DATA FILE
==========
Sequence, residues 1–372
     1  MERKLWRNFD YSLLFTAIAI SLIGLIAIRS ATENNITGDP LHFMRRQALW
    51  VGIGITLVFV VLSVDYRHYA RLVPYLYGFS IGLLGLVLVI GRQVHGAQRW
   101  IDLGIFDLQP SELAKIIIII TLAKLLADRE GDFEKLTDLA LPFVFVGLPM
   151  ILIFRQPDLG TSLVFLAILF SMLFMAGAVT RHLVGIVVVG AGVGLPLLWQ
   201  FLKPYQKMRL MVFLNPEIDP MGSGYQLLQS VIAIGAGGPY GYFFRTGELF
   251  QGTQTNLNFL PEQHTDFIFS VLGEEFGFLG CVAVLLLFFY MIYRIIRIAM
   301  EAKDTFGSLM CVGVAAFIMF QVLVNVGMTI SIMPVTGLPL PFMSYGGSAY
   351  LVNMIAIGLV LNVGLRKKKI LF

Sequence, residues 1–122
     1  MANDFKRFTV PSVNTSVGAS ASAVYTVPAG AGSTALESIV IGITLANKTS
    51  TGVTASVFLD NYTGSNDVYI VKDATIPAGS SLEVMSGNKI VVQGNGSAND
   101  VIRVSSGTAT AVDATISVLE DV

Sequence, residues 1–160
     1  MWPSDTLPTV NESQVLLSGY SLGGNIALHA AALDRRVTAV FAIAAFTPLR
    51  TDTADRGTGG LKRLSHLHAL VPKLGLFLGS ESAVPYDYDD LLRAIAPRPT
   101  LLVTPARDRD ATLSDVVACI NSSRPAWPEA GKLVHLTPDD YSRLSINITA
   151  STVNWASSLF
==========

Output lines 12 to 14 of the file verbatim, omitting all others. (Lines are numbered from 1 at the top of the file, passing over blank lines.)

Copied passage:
    51  TGVTASVFLD NYTGSNDVYI VKDATIPAGS SLEVMSGNKI VVQGNGSAND
   101  VIRVSSGTAT AVDATISVLE DV

Sequence, residues 1–160